Sport 22: Autumn 1999
Louise White — Letter from Awaroa
There is time here Deb, it piles up
six hours between tides, seven
if it's a four point six. It has taken away
my silence, left me stranded.
Last night was perfect, calm water
the sky white with stars. Waiting
on the edge, I found myself searching
this whole appalling business, this
glaze of language that slides and obscures.
We talk of coming in and going out,
walk through mosaics shifting in sea
clear as a lizard's eye.
Last week Jorg barged a piano
up the inlet; notes
drift over the water
on the surface of our skin.
One evening on Sawmill Point I saw:
a light glowing in the sand, five people
on their knees, a garden sieve, a cardboard box.
They searched all night for the jawbone.
Did you know Deb, bones can be dated
by the state of the molars?
Between two kanakas a slice of sand
stretches into the bay, birds
mark the edge: oyster catchers, terns,
two lines on either side of a blank space,
a total sum of possibilities. I'm struggling
with the fine print Deb, I want to give you my view.
In another bay, on the other side
of the world, sand is raked
with lines, a woman lies.page 153
We'll go up the river tomorrow, Deb
to look for stones to build the wall
flat edged is best, and smooth. It's a case
of sizing them up one by one, the stones
need to lock together. You make decisions,
you build a history, you have to think
of the whole wall, Deb.
It's easy to offer liturgies of love here:
hoisted above the sea
washing over tomorrow's
to a small hotel in Chicago where
it is two o'clock in the morning and
the beer warm. This idiom runs and runs
and will not stop.
Last night I dreamed
of our grandmother, Deb
amber beads rose
and fell on my breast
three generations light.
In this landscape it would be easy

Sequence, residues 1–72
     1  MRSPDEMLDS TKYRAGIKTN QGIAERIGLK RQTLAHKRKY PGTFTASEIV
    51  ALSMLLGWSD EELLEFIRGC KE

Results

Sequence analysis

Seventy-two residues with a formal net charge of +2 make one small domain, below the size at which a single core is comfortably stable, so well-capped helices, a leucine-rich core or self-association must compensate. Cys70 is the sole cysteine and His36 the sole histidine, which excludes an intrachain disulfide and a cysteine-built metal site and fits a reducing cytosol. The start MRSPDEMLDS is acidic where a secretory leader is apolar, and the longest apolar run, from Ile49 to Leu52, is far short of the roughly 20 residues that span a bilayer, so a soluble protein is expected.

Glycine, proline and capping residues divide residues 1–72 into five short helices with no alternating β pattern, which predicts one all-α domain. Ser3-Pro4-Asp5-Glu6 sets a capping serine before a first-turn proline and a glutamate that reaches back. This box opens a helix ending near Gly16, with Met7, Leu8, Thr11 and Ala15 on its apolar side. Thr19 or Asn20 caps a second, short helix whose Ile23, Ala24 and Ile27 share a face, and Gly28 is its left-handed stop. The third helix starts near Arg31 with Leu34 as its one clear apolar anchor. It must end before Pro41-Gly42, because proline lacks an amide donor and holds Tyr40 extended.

to lose language, others have—take
Fra Angelico—from his cell in San
Marco he brushed the gentle colours of
a Florentine evening onto plaster walls,
gave us a Christ not of this earth,
a pure presence in the pure space of faith.
Such faith Deb, there is so much to know,
we have too many words.
Words rise from this book beside me:
‘language not your own, unmastered,
struggled over, a strange combination of
distance and immediacy’.
Occasionally I travel back to the time
when the hills, and the hills behind the hills
held Ed, and I called through the night
in a voice muffled by mist and mothering
until, we heard on the back of the wind
that thin pipe of sound across the valley.
We've talked of this, Deb:
signals go unnoticed
it's not hard to lose your way.
The spring storm laid bare a midden at
Wharakiki Bay. Layers of our lives rest
so tightly one on top of the other, we
come up against earlier events in
later ones. The shell of the crab
protects its back and its belly.
Swallows lie under the eaves
of this house. The lens of the eye lies
behind the cornea, it is so small
no bigger than the point of this pencil, yet
a whole landscape has settled here;
each returning brings a faint
familiar shock, like a sootfall
in a chimney.
Under the pleats and pockets of these
hills, when the tide is full and the sun
lies in its lap, I journey to distant cities
to what might have been, until small
circles of everyday sound edge
across the water, and I am thankful
for this safe landing.page 157
Cold will come again:
last winter we walked on sand
white with frost. In Pittenweem
the sea freezes once a year,
boys skip school, skip stones,
a young girl edges further and further
over the wasteland.
Here I am, back in the
present after long weeks
in the past, my feet holding
firm at the mouth
of the river. Determination is
disconcerting in water so
visibly, so obviously
From expectation to reality
jet stream in a faultless sky
a pigeon head
a china bowl
at the China Club.
a seed in its beak.